WHAT ARE THE GROUNDS FOR DIVORCE:
What will it take to get your divorce? Because Wisconsin is a no-fault divorce state, the court is not interested in why a party is seeking a divorce. In order for the court to grant a divorce, the court must be convinced that the marriage is irretrievably broken. This is usually accomplished by the testimony of both spouses. Each spouse will be asked if the marriage is irretrievably broken, or in other words: is there any reasonable prospect that the married couple can reconcile their differences?
HOW DOES THE DIVORCE GET STARTED? An action will need to be filed. This can be done with a Joint Petition, or with one spouse filing a summons and petition. A good family law attorney should work with the client to determine what is the best pleading for the client. At Your Family Law Center, we will discuss all the options with a client to determine what pleading works best. For example, a joint petition or a summons and petition, with a request to admit service is typically used for our clients that hope to have an amicable divorce, but a summons and petition is more likely to be used, with a process of service, in cases with violence.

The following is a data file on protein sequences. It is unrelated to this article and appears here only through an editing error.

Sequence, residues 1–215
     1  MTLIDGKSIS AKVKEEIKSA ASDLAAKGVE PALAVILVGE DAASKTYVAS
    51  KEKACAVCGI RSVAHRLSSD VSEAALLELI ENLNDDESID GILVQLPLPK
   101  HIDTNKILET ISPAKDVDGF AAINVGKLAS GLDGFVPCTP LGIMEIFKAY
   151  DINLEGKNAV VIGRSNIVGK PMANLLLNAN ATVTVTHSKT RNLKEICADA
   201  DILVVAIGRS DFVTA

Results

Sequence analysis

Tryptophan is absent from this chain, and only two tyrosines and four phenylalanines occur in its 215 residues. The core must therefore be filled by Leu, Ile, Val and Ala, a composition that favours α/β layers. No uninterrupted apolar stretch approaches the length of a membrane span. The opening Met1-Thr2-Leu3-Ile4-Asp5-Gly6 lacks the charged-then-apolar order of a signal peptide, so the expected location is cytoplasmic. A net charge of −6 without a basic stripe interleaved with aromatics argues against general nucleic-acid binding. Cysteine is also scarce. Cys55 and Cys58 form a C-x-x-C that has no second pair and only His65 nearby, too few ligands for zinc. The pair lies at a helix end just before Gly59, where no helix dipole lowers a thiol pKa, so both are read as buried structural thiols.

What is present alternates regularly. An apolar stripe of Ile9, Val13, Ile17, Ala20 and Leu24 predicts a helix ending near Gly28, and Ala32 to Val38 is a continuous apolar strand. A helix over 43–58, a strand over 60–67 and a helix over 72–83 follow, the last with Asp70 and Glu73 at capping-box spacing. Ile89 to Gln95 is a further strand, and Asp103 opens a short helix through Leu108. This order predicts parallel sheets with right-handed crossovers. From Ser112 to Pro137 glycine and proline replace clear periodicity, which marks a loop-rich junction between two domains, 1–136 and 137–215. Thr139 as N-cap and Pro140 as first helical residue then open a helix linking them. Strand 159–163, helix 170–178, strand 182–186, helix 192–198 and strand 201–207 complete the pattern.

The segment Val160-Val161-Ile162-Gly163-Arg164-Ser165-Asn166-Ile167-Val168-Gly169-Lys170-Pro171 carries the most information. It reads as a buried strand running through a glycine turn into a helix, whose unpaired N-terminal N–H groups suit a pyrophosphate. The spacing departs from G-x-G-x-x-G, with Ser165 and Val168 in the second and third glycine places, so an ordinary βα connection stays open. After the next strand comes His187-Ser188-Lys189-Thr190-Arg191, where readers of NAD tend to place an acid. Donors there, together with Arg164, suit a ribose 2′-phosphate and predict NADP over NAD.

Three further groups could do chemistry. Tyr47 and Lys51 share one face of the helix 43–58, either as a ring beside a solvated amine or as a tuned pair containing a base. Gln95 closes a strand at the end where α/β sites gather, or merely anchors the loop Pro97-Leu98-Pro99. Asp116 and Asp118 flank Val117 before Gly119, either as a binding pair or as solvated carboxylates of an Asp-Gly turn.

HOW LONG WILL MY DIVORCE TAKE? The statute requires a 120-day waiting period after the divorce is filed/served. A final hearing can be sought after the expiration of that time frame. However, most contested divorces will take much longer.
HOW WILL THE DIVORCE AFFECT MY CHILDREN? The orders in your family case will address custody, placement, and support of your minor children. Custody refers to the authority to make the major decisions regarding your children. Placement refers to where they children will reside. Support refers to child support. Custody and Placement will be decided based on the best interest of the children and support will be calculated based on child support guidelines, with some cases being appropriate for deviations from those guidelines. As each of these issues is very complex, we have created a separate topic page for each issue. Please refer to those tabs for more details.
WHAT WILL HAPPEN TO OUR ASSETS AND DEBTS? The court will enter orders (temporary and/or final orders) regarding the marital estate, including but not limited to real estate, retirement accounts, bank accounts, vehicles, jewelry, business interests, and possible claims for maintenance. The statute and case law assumes that the total marital estate will be divided 50/50. A good family attorney will explain the tax consequences of particular distributions of the marital estate, which can have a significant impact on the overall distribution. At Your Family Law Center, we will create spreadsheets to demonstrate the total value of the estate, including tax consequences. Our spreadsheets are provided to our clients to demonstrate the possible final divisions and to allow clients to consider all the possible means to get to that final order.
DO I NEED AN ATTORNEY? Other than placement, custody, and support, the terms of the final judgment of divorce are intended to be final. As such you should consider hiring an experienced family law attorney, such as those at Your Family Law Center, SC to assist you in your divorce action.